A professor of business at Columbia University retaliated against a one-time colleague who accused him of misconduct, a US federal jury has ruled.
Enrichetta Ravina, a former assistant professor of business at Columbia who was denied tenure in 2016, sued the university and Geert Bekaert, a professor of business, for discrimination and retaliation.
Dr Ravina was awarded $1.25 million (£953,000) in damages, which Columbia will have to pay.
Dr Ravina, who studies US investor data on retirement and other topics, began an assistant professorship in the business school’s finance and economics division in 2008. She alleged that she was doing “cutting-edge” work with large datasets in her field when Professor Bekaert, a mentor with ties to the company that owned a key dataset, began to subject her to sexual harassment. She said that he infused their conversations with sexual content, including comments about how often he watched pornography, how prostitutes were essential to men’s sexual satisfaction, his own sexual experiences and how he was “horny” and she was “sexy”.
Professor Bekaert also allegedly pursued a sexual relationship with Dr Ravina, touching her inappropriately and requesting that she meet him off campus at coffee shops and restaurants.
When she rejected his advances, Dr Ravina said, Professor Bekaert allegedly “sabotaged” her research through undue delays in responding to her work and told her that the project could proceed faster if she were “nicer”. As a result, she said, she fell about two years behind in her research.
Dr Ravina said that she reported her concerns to the university, including to two senior colleagues and deans, but was accused by some of those colleagues along the way of flirting with Professor Bekaert, told that he was “blunt” because he was Belgian and offered “life advice” to give up her research agenda and start over. One colleague who specialised in gender law advised administrators to intervene through a series of steps designed to disentangle Dr Ravina’s research from Professor Bekaert’s, she said, but the administrators did not adopt the plan. They did assign a “relationship manager” to monitor interactions between the pair, but Dr Ravina said that the manager was not empowered to intervene on her behalf.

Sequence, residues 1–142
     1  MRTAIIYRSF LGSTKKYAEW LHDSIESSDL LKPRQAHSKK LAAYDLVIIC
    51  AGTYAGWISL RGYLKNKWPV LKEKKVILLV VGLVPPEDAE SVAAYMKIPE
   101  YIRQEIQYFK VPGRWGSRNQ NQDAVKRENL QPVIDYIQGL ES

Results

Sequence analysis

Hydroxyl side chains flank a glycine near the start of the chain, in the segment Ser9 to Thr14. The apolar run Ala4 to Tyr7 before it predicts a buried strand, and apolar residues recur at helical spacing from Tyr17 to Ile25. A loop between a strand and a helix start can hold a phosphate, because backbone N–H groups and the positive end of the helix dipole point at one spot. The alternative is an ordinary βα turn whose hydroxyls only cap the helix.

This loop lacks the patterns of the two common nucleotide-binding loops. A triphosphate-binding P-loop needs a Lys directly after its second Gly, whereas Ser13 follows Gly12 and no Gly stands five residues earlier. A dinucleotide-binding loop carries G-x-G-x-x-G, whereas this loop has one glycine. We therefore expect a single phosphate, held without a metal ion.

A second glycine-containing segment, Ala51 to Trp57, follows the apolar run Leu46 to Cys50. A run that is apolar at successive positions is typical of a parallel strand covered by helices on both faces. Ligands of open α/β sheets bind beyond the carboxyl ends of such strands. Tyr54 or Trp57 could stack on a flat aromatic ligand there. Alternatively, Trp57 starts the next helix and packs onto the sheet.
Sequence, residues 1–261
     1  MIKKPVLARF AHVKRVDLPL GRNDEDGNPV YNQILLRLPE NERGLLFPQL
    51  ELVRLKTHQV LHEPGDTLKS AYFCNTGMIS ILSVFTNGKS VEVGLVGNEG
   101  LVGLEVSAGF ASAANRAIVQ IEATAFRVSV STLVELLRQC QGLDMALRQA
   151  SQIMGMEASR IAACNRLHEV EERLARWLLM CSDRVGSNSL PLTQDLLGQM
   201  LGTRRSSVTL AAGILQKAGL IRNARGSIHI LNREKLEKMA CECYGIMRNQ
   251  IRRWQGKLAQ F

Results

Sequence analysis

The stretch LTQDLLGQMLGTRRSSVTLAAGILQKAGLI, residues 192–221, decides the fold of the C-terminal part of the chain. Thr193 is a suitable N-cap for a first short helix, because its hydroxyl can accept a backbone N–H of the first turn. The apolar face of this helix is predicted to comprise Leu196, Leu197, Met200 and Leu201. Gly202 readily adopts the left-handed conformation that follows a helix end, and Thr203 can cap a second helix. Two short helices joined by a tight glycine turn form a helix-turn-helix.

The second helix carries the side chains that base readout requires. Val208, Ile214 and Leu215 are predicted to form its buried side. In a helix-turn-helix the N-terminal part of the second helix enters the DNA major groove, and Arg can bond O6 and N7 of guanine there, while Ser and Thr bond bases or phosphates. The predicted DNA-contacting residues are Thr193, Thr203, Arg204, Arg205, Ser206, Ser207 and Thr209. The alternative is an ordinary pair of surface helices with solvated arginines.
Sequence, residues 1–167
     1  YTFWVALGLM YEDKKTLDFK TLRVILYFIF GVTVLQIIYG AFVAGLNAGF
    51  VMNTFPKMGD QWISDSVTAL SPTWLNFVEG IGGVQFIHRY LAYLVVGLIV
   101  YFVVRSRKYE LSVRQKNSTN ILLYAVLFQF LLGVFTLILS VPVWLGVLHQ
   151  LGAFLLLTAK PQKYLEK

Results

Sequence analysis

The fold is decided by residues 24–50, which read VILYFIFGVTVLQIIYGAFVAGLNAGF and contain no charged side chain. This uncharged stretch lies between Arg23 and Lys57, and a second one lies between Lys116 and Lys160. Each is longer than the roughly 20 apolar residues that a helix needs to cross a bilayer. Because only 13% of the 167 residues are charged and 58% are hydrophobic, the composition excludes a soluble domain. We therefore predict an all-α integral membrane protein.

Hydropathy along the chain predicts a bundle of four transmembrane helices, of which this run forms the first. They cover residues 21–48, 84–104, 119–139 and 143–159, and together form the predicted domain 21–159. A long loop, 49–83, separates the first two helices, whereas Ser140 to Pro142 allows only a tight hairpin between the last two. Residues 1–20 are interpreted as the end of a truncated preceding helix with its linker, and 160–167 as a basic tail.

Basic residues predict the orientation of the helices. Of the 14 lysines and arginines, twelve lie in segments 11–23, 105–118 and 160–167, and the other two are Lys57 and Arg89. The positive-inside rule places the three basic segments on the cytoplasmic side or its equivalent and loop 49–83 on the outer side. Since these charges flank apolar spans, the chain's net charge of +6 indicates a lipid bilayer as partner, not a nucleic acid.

Columbia formally investigated the situation, but found no evidence of any campus policy violation on Professor Bekaert’s part, just a “communication” breakdown.
Dr Ravina also alleged retaliation on Columbia’s part, saying that it suddenly revoked the paid leave she took in 2015-16 and put her tenure review on an accelerated timeline. It also denied her request to delay her tenure review for two academic years, to make up for the time that she says she lost.
She was denied tenure in 2016, which the university argued in court had nothing to do with discrimination, but rather Dr Ravina’s slim publication record. It also argued that Dr Ravina did not complain about Professor Bekaert by name until after spring 2014, when she was warned about that slim record in relation to her upcoming tenure vote, according to trial reporting by Bloomberg.
The court eventually dismissed her gender discrimination charges but let the retaliation claim stand. After her initial filing, Dr Ravina alleged that Professor Bekaert continued to bad-mouth her as “crazy” and “evil” to colleagues around the world, damaging her reputation.
Professor Bekaert’s lawyer, Edward Hernstadt, told jurors that Dr Ravina was not “credible,” since she had at times complimented his appearance, evidenced by emails presented at trial. (Dr Ravina had alleged that Professor Bekaert demanded such affirmation, however.) Mr Hernstadt acknowledged that some of what Professor Bekaert wrote to colleagues about Dr Ravina was “rude”, but that he was merely defending his own reputation.
After deliberating for a day, the jury found that Professor Bekaert had retaliated against Dr Ravina for complaining about him.
Professor Bekaert, who is still an active member of the faculty, did not respond to a request for comment, nor did his attorney.
A Columbia spokesperson declined to comment on the case, other than to say that the jury found that Columbia “neither discriminated against [Dr] Ravina nor retaliated against her through its actions. The university’s decision to decline [Dr] Ravina’s tenure appointment was not called into question.”
Dr Ravina, who had been seeking $30 million in damages, is now a visiting assistant professor of finance at Northwestern University.
This is an edited version of a story that first appeared on Inside Higher Ed.